Note: This is an excerpt. The complete Saga In Itself by Bruce Brown is now available on Kindle!Saga In Itself
Filming Farley Mowat's 'Never Cry Wolf'
by Bruce Brown
EVEN BEFORE he was fully awake, the man could feel the late summer afternoon change course. He had dozed off after a solitary swim in a nameless lake near the Arctic Circle, and now he found himself in the path of a heavy-breathing herd of elaborately antlered caribou. Some of the animals seemed agitated as they jostled past. Scanning the river-like herd, the man saw why: They were being driven by a pack of wolves hunting along their flank.
Impulsively, the man began to run. Zigzagging across the irregular tundra, he was swept along with the chase. Close around him he saw the way the wolves worked, testing the caribou with quick bursts, which were just as quickly abandoned if the deer seemed strong and healthy. It was only when the wolves sensed a sick caribou that their manner changed. Then they poured on the speed, isolating the animal from the rest of the herd and running it hard. The fatigued buck finally turned to face his attackers on a small rise, but it was already too late. In an instant, five timber wolves flew at him like blades from a knife thrower's hand. The wolves knocked the deer down on the first strike and killed it while the other caribou hurried by, sniffing the air.
Viewers of Carroll Ballard's new movie, "Never Cry Wolf," which opened in New York on Friday, may find their own nostrils flaring a bit, too, for this hunting scene vividly conveys both the power of the wolf pack and the misconceptions many people have regarding the animal called Canis lupus. Like the classic Farley Mowat best seller of the same title, published in 1963, "Never Cry Wolf" is the story of arctic wolves and a young biologist who is sent to study them by the Canadian Wildlife Service. He finds that, rather than decimating the caribou herds, as many white hunters claimed, the wolves actually eat mice and rodents most of the year. And when they do kill a caribou, it is invariably a sick or injured animal. What the biologist, a bearded chap named Tyler, discovers serves to confirm the Inuit saying, "The wolf keeps the caribou strong."
The movie that Ballard has brought to the screen is a tale about the loss of wildness in the world. The same directorial eye that made Ballard's previous feature, "The Black Stallion," a landmark in animal photography is evident in the handling of the wolves here. In particular, the three animals Tyler comes to call George, Angeline and Uncle Albert emerge as real characters who watch Tyler when he doesn't realize it, but only allow him to watch them when they choose. Their habits structure Tyler's days, and in the end they propel the film's dramatic climax.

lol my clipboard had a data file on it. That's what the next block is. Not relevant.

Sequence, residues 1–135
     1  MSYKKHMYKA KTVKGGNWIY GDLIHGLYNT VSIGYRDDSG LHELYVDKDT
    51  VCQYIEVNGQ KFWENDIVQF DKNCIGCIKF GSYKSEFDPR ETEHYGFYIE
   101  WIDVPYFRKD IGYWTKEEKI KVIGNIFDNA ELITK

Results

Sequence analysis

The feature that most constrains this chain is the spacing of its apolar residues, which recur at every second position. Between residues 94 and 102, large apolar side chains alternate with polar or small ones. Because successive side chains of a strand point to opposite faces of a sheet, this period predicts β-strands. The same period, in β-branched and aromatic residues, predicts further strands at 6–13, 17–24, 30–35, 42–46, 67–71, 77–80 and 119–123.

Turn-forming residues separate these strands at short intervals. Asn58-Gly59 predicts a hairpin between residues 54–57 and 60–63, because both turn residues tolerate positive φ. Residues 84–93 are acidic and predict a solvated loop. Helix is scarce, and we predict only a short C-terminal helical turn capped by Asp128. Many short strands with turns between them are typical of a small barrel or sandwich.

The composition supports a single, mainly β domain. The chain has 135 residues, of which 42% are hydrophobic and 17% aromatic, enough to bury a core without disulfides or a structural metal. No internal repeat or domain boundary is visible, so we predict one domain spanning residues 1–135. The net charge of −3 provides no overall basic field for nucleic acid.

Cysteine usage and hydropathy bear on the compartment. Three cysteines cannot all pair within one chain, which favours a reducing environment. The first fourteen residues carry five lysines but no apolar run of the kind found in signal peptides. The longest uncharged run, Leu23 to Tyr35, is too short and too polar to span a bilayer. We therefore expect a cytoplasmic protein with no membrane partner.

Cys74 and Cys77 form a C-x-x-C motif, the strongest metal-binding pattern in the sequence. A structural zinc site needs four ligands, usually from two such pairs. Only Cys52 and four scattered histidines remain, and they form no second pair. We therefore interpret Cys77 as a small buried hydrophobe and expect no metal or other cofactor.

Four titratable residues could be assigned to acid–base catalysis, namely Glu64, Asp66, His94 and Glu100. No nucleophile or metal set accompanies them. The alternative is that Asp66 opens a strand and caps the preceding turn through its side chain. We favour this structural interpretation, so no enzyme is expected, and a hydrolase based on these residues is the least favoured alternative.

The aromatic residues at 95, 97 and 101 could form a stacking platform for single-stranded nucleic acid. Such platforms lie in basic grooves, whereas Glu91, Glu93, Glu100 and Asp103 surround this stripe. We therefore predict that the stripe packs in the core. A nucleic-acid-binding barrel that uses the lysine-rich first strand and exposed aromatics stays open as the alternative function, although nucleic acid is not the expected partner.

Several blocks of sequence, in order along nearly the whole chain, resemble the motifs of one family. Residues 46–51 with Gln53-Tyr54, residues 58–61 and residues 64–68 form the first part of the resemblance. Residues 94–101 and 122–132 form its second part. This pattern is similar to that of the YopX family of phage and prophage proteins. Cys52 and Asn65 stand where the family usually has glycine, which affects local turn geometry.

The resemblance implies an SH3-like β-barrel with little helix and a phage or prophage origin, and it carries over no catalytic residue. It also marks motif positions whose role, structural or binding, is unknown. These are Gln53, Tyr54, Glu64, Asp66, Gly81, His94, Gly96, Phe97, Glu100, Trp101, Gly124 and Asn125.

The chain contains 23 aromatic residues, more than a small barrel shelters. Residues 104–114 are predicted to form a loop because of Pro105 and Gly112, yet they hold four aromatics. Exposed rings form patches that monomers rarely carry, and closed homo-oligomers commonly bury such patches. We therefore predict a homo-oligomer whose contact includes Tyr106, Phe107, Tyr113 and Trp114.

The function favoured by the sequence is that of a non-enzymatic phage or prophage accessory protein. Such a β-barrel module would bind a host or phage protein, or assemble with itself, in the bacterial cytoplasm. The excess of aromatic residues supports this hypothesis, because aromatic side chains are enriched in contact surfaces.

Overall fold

Almost as remarkable as the wolf scenes are the difficulties the "Never Cry Wolf" crew encountered filming them. In fact, from the beginning, the movie had all the markings of a perfect Hollywood disaster. Carroll Ballard picked up the project early in 1980, following the release of "The Black Stallion." Louis Malle was originally supposed to direct the film, but in early 1980, Ballard succeeded him, with Disney's approval. Ballard brought in a new crew, a new star and a method of operation dramatically at odds with the elaborate production effort already under way in the Yukon.
A soft-spoken, somewhat introspective man with a fondness for hats, Ballard gambled on the casting of the main human characters, choosing Charles Martin Smith from "American Graffiti" to play Tyler, and two Inuits to play Ootek and Mike. Although sometimes unclear about what he wanted from the assembled menagerie, Ballard managed to get sterling performances from all of his actors, as well as some exceptional scenes of the wolves, which had been raised in captivity and therefore had to be taught to behave like wild wolves. The wolves also learned to perform acts that they would never normally do, like spend time in a hotel lobby.
To get the effects he sought, Ballard shot what he described as "oceans of film." By the second, year on location in the far north, Ballard's reluctance to - finish, or "wrap," a scene prompted the crew to call the film "Never Cry Wrap." As scripts were revised, rewritten and abandoned and expenses mounted, others in the trade referred to the film as "a movie without a budget or a script."
But, three and a half years after he started the project, Ballard brought in the finished product at around $12 million, more than twice the original budget.
"The really incredible movie to make would be a movie about making this movie," said Ballard, when he was asked to reconstruct the process. "It's just endless craziness -- unbelievable."
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Note: This is an excerpt. The complete Saga In Itself by Bruce Brown is now available on Kindle!
"Filming 'Never Cry Wolf'" originally appeared in the October 16, 1983 New York Times Magazine.